This collection consists of four books—two letter copy books and two account books listing dividends belonging to Warren Sawyer. Warren’s first letter copy book is identified as “Private Book” on the cover and is dated 1892 to 1913. Warren Sawyer was Treasurer of the Milbridge Water Company as is indicated at the closing of his letters and his letters pertain to both personal and business matters. There are references to a settlement with G. A. Sawyer on the purchase of waterworks (pg. 20) and purchasing valves, pumps, fittings and pipes to build a new water works system in which Warren Sawyer supplied water to the town of Milbridge. Some notes of interest:
<ul> <li> Letters to a brother Philander (pp. 7, 80)</li> <li> Insurance for the Nokomis (pg. 38)</li> <li> between the Town of Milbridge and the Milbridge Water Co (pg. 43)</li> <li> settling is father’s estate , J. W. Sawyer after his death in 1898 (pp. 52, 60-62, 66, 70)</li> <li> dealing with his son Joseph W. accounts (pg. 54)</li> <li> advising Capt. John E. Mitchell on changing a vessel back to American registry (pg. 57-58)</li> <li> references to the bark Auburndale (pg. 60)</li> <li> Land deed between J. W. Sawyer and E. L. Young (pg. 65)</li> <li> Contract for Schooner John Maxwell (pg. 67)</li> <li> Purchasing School Furniture (pg. 85)</li></ul>
The second letter copy book also belongs to Warren Sawyer and this book relates to his own shipbuilding enterprise, Warren Sawyer & Co. He alludes to this in two letters. One on page 13 written to Lebanon Chain Works stating, “I was senior member of the firm of Sawyer Brothers, but am now building on my own account.” and on page 98 where is says, “I was formerly in the firm of Sawyer Bros. I left my brothers last Oct. and have started to go it alone in this business.” He does reference his brothers’ yard (Sawyer Brothers) a number of times. Most correspondence deals with purchasing materials to build his ships, writing to freight agents or providing vessels to others. I have included an index for this book of letters as part of the finding aids.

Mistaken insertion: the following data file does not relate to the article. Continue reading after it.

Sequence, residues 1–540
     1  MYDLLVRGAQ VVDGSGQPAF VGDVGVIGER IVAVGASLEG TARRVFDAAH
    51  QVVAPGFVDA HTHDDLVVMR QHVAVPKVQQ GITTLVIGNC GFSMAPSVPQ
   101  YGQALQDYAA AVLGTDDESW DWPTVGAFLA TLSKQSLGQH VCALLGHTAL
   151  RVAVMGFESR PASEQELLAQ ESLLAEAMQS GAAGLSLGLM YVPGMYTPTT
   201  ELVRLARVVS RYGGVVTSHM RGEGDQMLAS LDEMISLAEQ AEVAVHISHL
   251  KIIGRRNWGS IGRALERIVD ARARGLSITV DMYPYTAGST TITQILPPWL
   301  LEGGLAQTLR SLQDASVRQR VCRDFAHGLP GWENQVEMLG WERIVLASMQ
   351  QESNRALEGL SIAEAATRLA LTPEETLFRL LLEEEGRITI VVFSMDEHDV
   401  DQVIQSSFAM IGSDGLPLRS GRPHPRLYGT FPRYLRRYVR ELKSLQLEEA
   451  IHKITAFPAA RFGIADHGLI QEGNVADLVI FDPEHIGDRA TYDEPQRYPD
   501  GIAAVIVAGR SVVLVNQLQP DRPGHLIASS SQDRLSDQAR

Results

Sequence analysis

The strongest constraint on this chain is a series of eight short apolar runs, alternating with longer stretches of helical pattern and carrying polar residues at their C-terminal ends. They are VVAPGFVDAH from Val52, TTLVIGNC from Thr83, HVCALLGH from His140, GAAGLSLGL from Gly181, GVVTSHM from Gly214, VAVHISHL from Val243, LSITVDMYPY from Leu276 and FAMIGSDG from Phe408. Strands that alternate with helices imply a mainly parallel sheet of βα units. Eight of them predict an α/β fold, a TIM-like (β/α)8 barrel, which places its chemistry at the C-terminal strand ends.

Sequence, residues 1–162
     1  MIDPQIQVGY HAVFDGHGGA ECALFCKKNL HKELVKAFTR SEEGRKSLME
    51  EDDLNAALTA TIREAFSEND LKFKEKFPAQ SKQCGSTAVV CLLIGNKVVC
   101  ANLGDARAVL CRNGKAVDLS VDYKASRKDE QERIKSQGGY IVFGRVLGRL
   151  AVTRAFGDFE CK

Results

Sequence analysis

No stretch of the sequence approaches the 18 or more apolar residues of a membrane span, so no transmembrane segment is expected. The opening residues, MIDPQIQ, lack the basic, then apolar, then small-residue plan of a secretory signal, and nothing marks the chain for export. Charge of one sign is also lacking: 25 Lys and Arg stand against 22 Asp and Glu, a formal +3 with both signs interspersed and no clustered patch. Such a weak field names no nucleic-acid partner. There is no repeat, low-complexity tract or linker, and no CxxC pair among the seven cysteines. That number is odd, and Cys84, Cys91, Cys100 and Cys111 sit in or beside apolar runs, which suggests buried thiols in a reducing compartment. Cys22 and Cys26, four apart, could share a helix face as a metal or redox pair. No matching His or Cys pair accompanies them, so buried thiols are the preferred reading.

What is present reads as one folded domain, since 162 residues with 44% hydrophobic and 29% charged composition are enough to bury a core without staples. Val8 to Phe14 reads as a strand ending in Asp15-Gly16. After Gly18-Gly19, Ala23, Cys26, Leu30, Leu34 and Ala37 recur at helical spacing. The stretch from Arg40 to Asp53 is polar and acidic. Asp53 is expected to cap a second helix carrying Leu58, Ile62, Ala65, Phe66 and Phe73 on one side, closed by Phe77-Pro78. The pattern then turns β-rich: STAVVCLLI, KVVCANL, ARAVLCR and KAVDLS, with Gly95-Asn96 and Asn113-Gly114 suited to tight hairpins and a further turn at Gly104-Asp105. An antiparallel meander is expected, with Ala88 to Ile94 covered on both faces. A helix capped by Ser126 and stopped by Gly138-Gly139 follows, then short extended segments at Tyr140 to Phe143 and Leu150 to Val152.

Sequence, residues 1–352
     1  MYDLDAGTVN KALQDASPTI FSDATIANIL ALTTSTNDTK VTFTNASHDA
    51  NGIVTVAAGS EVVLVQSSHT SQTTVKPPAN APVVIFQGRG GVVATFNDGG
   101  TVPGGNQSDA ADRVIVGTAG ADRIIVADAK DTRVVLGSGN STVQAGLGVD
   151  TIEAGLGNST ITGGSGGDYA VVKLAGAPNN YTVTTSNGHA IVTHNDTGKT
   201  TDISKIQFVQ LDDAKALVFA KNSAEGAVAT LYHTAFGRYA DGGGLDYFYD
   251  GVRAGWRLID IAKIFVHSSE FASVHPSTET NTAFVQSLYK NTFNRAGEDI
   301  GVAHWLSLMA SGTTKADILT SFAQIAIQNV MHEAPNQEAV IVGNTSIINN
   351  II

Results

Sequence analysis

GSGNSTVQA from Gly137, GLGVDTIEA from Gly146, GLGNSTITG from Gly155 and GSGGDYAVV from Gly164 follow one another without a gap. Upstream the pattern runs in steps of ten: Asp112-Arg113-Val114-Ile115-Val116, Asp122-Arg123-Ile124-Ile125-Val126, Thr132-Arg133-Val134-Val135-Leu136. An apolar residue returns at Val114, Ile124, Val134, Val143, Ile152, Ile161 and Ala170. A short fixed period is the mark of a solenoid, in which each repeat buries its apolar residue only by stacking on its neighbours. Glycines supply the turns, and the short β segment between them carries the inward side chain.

Neither of the letter copy books have their internal index filled out.
The two account books deal with dividends and vessels Warren Sawyer had a financial interest in. We have included an index of vessel names as part of the finding aids. Inside the second account book were loose papers belonging to the Sawyer Bros. (Alonzo and Elmer). Since one of the account books includes entries after Warren’s death, it may have been used also by his widow, or son Joseph W. Sawyer II.
Warren Sawyer was the eldest child of Joseph Warren Sawyer and Mary Jane (Wallace) Sawyer, born in Milbridge, Washington County, Maine, in 1849. He went to sea, and at the age of 20 had command of the Bath-built three-mast schooner Warren Sawyer. In 1872 he became the commander and part owner of the 5-year-old Milbridge schooner Mahaska, which his father and uncle had had shares in from her launching. In 1876 he took the new Milbridge bark Illie, and in 1885 the new Milbridge bark Ventura. He later commanded the 1897 Milbridge three-mast schooner Nokomis, built by his brothers.
In 1876 he married Mary L. Knowles, and they lived in Milbridge. When the census taker visited the house in 1880, Warren Sawyer got recorded as “Master Mariner – at sea.” He was still listed as commanding Nokomis in 1899, but by the 1900 census his occupation was given as ship builder. Although nominally a partner with his father and brothers in the family shipyard from 1888, he likely was less directly involved in the yard, spending a good deal of his time at sea.
Warren Sawyer is the builder of record for the four-mast schooner Myrtle Tunnel, launched in 1904. There were other schooners built in Milbridge that carried the Tunnel name, but all were built by Sawyer Brothers. Every other vessel built in Milbridge from 1899 until Warren’s death was recorded as built by Sawyer Brothers or a non-Sawyer builder. The Myrtle Tunnel may be the only vessel built by Warren alone.
The 1910 census gives his occupation as “Saw Mill”, but when he died of pneumonia on 19 April 1914, aged 64, he was called a ship builder.